Q. When I am installing a patch panel, how do I grind it and have it look like it was never even touched? What if there is no room to get behind it and use a hammer and dolly?

Jody Comer
Via the Internet

A. One of the hallmarks of high-level metalwork is having welded joints that are finished so perfectly that they are undetectable. Often, the greatest difficulty is working out the distortion that welding can cause, and the flatter and thinner the metal, the more likely it is to warp. With good access to the backside, a skilled metalworker can work out distortion, but your control is much more limited if there is no access to the backside.

Your question, as I understand it, is more about how to smooth the weld and make it invisible, rather than straighten the distortion that the welding may have caused. There certainly are situations where the distortion from welding will be minimal. Welding a small patch into a highly curved portion of a 16-gauge steel firewall (like a Model A) is one good example of this.

The heat from the weld is what causes distortion in the metal, and unless you're careful when grinding down a weld, that can cause distortion, too. Having said that, thousands of skilled metalworkers around the world successfully sand welded joints and make the welds invisible. How is this done?

First, the bulk of the weld is knocked down with an aggressive abrasive. Some people use a 3/32-inch cutoff wheel in a die grinder to shave the top off the weld. These discs are quite rigid and can be used with precise control. I prefer using a sharp, 80-grit cloth-backed sanding disc with a hard backing plate, which could be 7-, 5-, or 3-inch, depending on the situation. Note that I said SHARP. I can't over-stress how important the sharpness of the disc is. Dull sandpaper causes a lot more heat, and you lose control over exactly where you are removing metal. When working on delicate material, such as 20-gauge steel, you have to be extremely careful not to thin the metal next to the weld, since it's only 0.035-inch thick to begin with. As you are removing the top of the weld bead, watch the area carefully, and stop immediately if you see any color change in the metal. Steel starts to turn a light "straw" color around 400 degrees, and that's hot enough to cause distortion. If you see blue color, you've most likely caused some noticeable distortion already.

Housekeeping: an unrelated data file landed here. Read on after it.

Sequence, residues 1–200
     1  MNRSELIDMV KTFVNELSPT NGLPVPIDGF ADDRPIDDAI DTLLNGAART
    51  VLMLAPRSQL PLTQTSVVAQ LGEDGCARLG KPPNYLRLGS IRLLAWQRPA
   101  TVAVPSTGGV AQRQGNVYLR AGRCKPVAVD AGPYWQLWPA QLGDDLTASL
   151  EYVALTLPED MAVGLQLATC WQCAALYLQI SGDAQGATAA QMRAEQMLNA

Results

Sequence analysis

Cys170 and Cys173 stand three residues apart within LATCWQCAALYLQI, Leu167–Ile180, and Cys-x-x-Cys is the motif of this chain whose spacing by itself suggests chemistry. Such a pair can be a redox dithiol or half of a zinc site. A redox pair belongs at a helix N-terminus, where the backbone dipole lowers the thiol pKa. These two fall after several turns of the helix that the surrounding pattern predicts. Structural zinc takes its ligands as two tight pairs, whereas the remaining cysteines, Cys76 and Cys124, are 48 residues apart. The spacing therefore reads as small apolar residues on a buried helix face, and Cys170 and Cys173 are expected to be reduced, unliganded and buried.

Once the majority of the weld is shaved down flush, or nearly flush, with the metal next to it, you're "over the hump." Start using finer and finer abrasive until you get the finish you want. I often use a 5-inch dual-action sander for this, but I lock it to become a disc sander, with no orbiting. This allows me to use the convenient sticky-back paper discs, which are easy to change. I usually start with an 80-grit paper disc on the DA (which is effectively finer than the cloth-backed disc used initially) and then switch to 120-grit, and that gives me a very smooth finish. It's important to change the direction of sanding with each change of grit so you are cutting across the older sanding scratches at 90 degrees. Once the sanding scratches from the coarser abrasive disappear completely, you're done with that grit. Switching the DA sander back to orbital mode will help you blend the newly sanded section in with the rest of the panel, making it pretty much invisible. You can use even finer abrasives if you want more of a mirror finish, but for anything that will be painted, I find 120-grit leaves a gorgeous, satin-like finish on the metal.

I have a YouTube video that shows this process pretty well. Go to YouTube, enter "Ron Covell" in the search, and look for the video titled "Slicing and Dicing."